This still didn’t help Disk Utility succeed though. Finally I rebooted into single user mode, ran “fsck -y” to ensure the disk had no errors (and indeed it was fine so I don’t think this did anything to help), and then booted into the full OS X. After that, Disk Utility was able to successfully resize my OS X partition. Not sure exactly what fixed it, but the zero file couldn’t have hurt. It’s also possible that simply rebooting allowed a few files to be moved around that otherwise weren’t able to be moved. Dunno, but anyway, then I was ready to continue with about 70 GB of space remaining between my OS X and Windows XP partitions.

Installing Ubuntu

I would probably recommend creating an Ubuntu 13.04 boot CD, but I was actually able to boot from a USB drive that I manually created. Essentially, older Intel Macs (mine is a 17″ MacBook Pro with Core Duo processor) will not boot from a live USB disk unless you format the whole disk as FAT32 instead of making a partition table with a single FAT32 partition. So I basically manually created the live USB image with a process similar to what was described in this blog post–formatting my full USB drive as FAT32 with no partition table, copying everything over, renaming isolinux to syslinux, and then running syslinux. This helped me boot from a USB drive. It’s not necessary if you simply burn a CD, and I think newer Intel Macs are more compatible with normal USB boot disks.

After doing this, rEFIt was able to boot the USB drive. So I booted from it and installed Ubuntu 13.04. The live USB drive took forever to boot and everything was extremely slow while it was booted, but it seemed to work OK. I told Ubuntu that I wanted to customize my partition layout rather than letting it set things up automatically. I created a 67-ish GB root partition (mounted as “/”) and another partition for swap. I saw many guides that said you should not create a swap partition (instead, create a swap file on the Linux root filesystem partition), but I chose to ignore that advice, which may have been part of my problem. Not sure…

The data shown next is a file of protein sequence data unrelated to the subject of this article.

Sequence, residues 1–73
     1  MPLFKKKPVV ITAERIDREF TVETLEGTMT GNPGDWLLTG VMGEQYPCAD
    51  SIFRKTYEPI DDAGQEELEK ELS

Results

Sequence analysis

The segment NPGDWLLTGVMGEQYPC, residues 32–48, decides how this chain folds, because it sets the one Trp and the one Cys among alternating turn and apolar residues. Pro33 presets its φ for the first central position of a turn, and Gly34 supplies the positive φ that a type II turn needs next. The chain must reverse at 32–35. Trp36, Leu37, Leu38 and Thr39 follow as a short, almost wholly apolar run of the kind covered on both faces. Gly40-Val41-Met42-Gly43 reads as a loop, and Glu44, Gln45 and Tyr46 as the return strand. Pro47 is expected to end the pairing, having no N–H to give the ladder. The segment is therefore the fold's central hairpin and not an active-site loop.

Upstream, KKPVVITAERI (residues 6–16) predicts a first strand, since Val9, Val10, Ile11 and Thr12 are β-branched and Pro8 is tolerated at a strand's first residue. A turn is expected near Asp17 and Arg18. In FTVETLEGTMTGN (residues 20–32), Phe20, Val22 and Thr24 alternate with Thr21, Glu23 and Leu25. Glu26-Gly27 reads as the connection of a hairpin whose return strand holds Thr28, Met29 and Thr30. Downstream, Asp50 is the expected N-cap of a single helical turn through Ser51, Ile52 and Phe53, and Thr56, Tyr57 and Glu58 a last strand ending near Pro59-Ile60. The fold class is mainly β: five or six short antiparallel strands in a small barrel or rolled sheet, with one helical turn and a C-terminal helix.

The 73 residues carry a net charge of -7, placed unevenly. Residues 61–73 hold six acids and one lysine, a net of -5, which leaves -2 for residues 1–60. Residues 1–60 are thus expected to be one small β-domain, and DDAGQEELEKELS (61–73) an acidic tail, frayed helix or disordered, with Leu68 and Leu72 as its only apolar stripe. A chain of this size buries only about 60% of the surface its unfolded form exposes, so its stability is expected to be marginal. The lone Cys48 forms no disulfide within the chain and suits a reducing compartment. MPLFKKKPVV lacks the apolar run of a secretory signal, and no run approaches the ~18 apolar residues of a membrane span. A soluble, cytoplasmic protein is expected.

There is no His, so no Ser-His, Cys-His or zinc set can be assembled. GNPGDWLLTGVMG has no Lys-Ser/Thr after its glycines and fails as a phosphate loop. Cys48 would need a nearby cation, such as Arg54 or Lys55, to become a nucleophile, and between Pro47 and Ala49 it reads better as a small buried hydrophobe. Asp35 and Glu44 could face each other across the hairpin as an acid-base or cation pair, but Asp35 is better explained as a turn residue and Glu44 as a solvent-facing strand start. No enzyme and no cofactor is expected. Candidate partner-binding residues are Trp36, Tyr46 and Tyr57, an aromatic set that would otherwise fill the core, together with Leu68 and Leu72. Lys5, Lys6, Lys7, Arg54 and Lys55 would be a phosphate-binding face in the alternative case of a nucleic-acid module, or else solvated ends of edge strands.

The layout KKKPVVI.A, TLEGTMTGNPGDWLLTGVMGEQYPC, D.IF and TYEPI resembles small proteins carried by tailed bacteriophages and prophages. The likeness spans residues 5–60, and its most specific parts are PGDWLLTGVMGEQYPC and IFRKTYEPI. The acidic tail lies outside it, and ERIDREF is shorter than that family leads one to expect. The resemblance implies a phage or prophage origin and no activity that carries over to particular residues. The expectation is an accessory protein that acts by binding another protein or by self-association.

For bootloader installation, I told it to install onto the newly-created Linux root filesystem partition–NOT the full hard drive, but the partition. This caused the installer to warn me that this is not a good idea, but it seems to be the correct way to get rEFIt to detect it.

Partition layout after install

After the install completed, my partition tables looked like this:

  • GPT:
    1. EFI System (FAT) — 200 MB
    2. Mac OS X (HFS+) — 177 GB
    3. Windows XP (NTFS) — 51 GB
    4. Linux — 67 GB (but physically this is directly after the Mac OS X partition)
    5. Linux Swap — 2.7 GB (but physically this is directly after the Linux root filesystem partition and before the Windows XP partition)
  • MBR: